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Fuglede's conjecture states that for a subset Ω of a locally compact abelian group *G* with positive and finite Haar measure, there exists a subset of the dual group of *G* which is an orthogonal basis of *L*^{2}(Ω) if and only if it tiles the group by translation. In this talk, we consider the Fuglede's conjecture in the group *ℤ _{p}×ℤ_{pn}*. I will talk about the main idea of our proof.

**December 10 Zoom**
(Recording)

Tuan Pham (Brigham Young University, Department of Mathematics)

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Conservation of frequencies and applications to the well-posedness problem of the Navier-Stokes equations
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A well-known conserved quantity of the Navier-Stokes equations is the total energy. This conservation law has been used extensively in the local regularity theory, especially since the groundbreaking work of Caffarelli-Kohn-Nirenberg in 1982. In the Fourier space, the Navier-Stokes equations are naturally associated with a stochastic cascade as noted by Le Jan and Sznitman in 1997. In the dynamic of this stochastic cascade, the initial frequency is conserved. In this talk, I will explain how the conservation of frequencies can be used to study the well-posedness problem of the Navier-Stokes equations. A notable application is that any initial data in *L*^{2} whose Fourier transform is supported in the half-space produces a unique global mild solution.

**December 17 Zoom**
(Recording)

Peter Balazs (Director of the Acoustics Research Institute, Austrian Academy of Sciences)

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Continuous Frames and Reproducing Kernels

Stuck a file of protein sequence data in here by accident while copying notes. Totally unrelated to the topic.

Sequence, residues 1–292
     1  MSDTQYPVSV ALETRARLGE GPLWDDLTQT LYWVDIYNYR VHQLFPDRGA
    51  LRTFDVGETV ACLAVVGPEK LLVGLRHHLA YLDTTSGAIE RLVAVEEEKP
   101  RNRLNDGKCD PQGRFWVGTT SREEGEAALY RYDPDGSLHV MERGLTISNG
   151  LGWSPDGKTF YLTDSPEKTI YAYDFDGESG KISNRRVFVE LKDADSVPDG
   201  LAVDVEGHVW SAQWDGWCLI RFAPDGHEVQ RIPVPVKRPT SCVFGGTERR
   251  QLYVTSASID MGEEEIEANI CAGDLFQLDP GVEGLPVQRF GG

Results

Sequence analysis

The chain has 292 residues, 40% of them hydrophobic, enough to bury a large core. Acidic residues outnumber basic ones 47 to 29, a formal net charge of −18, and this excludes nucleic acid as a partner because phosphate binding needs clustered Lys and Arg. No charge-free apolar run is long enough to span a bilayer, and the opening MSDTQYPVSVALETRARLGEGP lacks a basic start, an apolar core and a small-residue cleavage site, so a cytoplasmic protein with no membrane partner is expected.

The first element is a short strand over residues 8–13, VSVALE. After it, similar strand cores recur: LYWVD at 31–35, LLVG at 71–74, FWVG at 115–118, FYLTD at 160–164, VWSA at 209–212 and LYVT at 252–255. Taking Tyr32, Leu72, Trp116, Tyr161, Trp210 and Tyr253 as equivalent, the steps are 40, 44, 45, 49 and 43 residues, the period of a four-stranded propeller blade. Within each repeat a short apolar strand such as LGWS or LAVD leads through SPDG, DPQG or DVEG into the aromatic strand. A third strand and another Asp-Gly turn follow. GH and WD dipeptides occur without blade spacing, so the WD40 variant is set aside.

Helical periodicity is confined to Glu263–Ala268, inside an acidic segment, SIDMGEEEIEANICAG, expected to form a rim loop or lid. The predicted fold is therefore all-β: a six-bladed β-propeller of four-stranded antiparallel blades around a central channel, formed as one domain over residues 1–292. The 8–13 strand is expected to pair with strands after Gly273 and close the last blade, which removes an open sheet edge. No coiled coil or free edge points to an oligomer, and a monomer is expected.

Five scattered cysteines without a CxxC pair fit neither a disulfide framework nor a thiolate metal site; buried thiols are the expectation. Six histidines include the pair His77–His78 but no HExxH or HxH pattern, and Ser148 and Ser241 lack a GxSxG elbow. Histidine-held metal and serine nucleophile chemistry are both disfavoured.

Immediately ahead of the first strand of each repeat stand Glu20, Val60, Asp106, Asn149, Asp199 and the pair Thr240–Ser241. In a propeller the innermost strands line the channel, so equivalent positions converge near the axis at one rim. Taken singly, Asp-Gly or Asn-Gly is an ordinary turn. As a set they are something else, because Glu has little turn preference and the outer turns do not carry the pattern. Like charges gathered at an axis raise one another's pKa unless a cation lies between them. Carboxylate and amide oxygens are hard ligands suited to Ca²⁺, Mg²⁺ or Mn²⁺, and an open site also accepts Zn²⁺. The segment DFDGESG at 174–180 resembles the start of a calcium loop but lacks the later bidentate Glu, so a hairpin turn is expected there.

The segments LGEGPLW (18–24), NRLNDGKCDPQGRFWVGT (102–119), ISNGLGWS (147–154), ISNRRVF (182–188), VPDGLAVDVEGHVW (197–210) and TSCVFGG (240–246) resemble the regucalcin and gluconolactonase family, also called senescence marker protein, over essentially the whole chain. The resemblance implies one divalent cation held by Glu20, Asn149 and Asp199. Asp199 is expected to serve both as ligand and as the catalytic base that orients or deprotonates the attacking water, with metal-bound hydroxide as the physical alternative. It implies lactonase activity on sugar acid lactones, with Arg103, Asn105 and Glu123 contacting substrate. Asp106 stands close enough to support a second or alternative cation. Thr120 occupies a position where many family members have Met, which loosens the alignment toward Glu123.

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Frame theory has become a tremendously active research field, with connection to many mathematical disciplines but also applications. In short, frames are a sequence of elements that allow stable representation of elements in a Hilbert space. One generalization of the original definition considers not a sequence indexed by a discrete set, but a function indexed by a continuous set. This will be the topic of this talk, in particular, how closely this concept is intertwined with reproducing kernel Hilbert spaces (RKHS). We start with a short motivation why frame theory is important, also for applications. We introduce the basic definitions. We show recent developments which focus on the various facets of the interplay of continuous frames and RKHS. In particular, we analyze the structure of the reproducing kernel of a RKHS using frames and reproducing pairs. We show that finite redundancy of a continuous frame implies atomic structure of the underlying measure space. This implies that all the attempts to extend the notion of Riesz basis to general measure spaces are fruitless since every such family can be identified with a discrete Riesz basis, by using the RKHS structure of the range of the analysis operator. This can also be used to formulate a result that classifies all dual functions to a given continuous frame. Finally, we will give general kernel theorems for operators acting between coorbit spaces, which are Banach spaces associated to continous frame representations and contain most of the usual function spaces (Besov spaces, modulation spaces, etc.). This collects work with K. Gröchenig, M. Speckbacher and N. Teofanov.